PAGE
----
While rapid transit to Langley is definitely a good thing, the reality of the line not likely reaching Langley until the 2030’s, while rapid transit elsewhere in Surrey is stalled, is very unfortunate when Surrey could have had a full 19-Stop (27km) LRT system across the City inclusive of Langley within the same timeframe as an 8-Stop (16.5km) SkyTrain line. LRT additionally would have transformed, urbanized, and distinguished Surrey in ways that SkyTrain will not. LRT and trams are common fixtures and symbols of inner urban cores in major cities around the world, of which Metro Vancouver currently lacks. Cities such as Berlin, with robust multi-tiered rail transit networks, are embarking on major expansions of their LRT networks, on top of their existing metro rail networks. LRT would have urbanized and distinguished Surrey as a city on its own, as an inner core of the region. With SkyTrain, Surrey remains similar to Burnaby, a by-pass suburb along the line to Vancouver. This is not to mention, the negative effects of SkyTrain on the streetscape – obtrusive overhead guideways that cast shadows, are noisy, unsightly, and ultimately very suburban in nature, compared to urbanized street-integrated LRT which can transform a city and its streetscapes.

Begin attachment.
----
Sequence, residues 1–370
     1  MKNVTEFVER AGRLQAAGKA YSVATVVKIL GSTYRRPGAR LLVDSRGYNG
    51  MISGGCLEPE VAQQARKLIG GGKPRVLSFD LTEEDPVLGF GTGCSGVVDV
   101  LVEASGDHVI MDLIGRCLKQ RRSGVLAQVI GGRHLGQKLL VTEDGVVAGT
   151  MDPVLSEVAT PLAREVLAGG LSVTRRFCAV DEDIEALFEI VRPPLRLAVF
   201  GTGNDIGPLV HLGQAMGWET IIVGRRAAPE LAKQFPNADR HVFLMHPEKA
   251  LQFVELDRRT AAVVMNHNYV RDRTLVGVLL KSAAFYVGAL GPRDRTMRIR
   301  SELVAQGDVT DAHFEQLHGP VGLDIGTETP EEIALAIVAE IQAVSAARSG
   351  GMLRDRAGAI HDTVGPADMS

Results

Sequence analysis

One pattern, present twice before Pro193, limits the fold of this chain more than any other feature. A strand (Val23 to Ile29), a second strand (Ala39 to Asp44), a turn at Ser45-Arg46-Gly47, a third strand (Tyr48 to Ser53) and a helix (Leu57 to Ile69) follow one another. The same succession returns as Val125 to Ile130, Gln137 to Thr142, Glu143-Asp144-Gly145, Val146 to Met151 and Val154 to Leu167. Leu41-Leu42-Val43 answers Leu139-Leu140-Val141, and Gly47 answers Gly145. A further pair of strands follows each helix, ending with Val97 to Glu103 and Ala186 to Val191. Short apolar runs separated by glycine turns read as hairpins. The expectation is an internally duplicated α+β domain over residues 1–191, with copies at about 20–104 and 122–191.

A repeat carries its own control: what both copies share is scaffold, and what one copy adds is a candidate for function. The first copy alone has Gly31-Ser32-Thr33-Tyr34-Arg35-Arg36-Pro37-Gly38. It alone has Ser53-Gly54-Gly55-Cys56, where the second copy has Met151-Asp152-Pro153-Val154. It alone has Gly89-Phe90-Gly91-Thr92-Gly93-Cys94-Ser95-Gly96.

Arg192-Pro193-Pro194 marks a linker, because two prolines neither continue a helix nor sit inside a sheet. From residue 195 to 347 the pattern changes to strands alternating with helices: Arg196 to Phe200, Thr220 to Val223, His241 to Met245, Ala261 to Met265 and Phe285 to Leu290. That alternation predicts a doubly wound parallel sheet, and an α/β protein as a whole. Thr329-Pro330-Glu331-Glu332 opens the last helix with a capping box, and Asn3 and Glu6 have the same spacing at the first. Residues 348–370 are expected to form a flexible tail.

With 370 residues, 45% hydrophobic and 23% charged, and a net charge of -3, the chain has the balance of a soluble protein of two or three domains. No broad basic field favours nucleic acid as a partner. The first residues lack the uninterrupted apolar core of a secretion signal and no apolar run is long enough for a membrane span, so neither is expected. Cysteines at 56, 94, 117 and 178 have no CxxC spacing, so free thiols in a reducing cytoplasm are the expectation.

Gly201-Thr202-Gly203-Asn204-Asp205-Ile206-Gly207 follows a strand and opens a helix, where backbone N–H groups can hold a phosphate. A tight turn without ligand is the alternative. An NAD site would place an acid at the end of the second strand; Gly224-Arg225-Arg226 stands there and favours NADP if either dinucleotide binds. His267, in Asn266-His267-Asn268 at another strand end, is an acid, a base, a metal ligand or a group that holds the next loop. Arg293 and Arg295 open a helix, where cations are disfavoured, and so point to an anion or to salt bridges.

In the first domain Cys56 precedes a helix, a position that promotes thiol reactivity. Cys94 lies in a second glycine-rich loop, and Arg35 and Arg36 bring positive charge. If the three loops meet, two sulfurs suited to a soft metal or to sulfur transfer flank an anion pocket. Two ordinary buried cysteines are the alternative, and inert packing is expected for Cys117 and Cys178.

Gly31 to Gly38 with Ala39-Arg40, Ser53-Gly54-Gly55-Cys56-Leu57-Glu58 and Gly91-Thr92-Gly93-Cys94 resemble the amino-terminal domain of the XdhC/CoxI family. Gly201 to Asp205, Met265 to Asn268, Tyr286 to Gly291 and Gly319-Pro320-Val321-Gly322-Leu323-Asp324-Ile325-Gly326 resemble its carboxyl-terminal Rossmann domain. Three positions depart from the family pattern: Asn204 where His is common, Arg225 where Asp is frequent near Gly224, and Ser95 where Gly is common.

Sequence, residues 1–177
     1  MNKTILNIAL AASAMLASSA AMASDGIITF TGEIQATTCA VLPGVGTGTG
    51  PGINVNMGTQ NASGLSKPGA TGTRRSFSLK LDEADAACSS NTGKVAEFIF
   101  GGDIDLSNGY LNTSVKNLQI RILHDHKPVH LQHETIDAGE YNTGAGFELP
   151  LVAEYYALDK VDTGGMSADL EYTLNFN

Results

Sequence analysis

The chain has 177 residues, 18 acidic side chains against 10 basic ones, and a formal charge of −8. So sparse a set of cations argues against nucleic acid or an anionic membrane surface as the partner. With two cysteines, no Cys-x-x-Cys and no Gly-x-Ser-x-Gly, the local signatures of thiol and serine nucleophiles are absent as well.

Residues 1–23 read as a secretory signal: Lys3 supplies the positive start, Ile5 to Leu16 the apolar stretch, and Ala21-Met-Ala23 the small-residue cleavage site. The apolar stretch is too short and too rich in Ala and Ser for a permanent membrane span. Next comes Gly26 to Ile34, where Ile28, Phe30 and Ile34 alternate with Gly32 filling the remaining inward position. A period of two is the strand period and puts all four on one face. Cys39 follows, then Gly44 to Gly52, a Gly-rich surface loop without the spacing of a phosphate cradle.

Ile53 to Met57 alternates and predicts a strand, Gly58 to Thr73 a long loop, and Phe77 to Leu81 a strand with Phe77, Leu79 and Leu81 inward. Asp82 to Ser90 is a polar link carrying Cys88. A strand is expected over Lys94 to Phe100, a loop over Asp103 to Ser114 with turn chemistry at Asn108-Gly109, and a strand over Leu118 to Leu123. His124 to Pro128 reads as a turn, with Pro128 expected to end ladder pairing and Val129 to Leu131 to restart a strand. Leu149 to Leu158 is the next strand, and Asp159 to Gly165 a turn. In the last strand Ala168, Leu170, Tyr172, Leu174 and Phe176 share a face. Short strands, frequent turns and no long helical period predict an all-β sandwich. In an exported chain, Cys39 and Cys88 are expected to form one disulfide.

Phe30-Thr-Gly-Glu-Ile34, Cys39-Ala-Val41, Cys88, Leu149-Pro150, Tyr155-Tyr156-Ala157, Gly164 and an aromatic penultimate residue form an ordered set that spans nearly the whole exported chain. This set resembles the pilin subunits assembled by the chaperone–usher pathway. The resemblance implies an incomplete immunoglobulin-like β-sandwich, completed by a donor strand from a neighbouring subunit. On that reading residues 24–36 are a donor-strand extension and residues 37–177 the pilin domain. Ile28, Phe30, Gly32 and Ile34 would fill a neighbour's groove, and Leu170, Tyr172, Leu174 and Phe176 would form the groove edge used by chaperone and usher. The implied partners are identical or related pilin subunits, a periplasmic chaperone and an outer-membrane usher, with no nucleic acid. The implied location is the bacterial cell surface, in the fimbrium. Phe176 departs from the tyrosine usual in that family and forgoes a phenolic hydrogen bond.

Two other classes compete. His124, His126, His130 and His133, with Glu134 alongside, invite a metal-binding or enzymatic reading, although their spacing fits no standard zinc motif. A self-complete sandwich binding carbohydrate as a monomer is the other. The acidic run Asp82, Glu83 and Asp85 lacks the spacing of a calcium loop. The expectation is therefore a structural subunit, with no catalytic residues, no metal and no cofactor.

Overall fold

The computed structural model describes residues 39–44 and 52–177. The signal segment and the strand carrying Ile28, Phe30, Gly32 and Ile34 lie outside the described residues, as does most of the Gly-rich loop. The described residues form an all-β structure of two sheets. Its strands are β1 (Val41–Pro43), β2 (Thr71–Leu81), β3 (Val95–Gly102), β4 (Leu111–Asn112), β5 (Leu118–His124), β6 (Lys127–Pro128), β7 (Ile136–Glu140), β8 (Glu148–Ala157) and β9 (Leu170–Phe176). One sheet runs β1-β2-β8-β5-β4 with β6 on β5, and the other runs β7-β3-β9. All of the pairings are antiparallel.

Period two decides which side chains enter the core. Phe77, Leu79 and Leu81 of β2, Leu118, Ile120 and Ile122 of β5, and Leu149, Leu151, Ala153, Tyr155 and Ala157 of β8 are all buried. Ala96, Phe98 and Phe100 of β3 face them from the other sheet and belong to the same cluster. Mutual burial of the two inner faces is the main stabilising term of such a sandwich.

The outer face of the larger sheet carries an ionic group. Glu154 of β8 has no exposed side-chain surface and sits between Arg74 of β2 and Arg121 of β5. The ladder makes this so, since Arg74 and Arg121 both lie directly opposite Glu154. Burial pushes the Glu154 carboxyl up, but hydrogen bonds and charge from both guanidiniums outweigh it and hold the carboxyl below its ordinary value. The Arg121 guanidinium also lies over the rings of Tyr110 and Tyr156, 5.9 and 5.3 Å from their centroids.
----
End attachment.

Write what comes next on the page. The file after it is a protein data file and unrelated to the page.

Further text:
It’s hard to imagine rationalizing a 4-station SkyTrain extension to suburban Fleetwood over an 11-station LRT line servicing Surrey’s most urban corridors and largest Town Centres, but here we are. Ultimately once the line does reach Langley in the 2030’s it will help to move people through the region, benefit Surrey’s City Centre (although with less new stations), and those living near the line, but at the expense of what could have been a much more extensive rapid transit system, more urbanizing, distinguishing, and transformative for Surrey.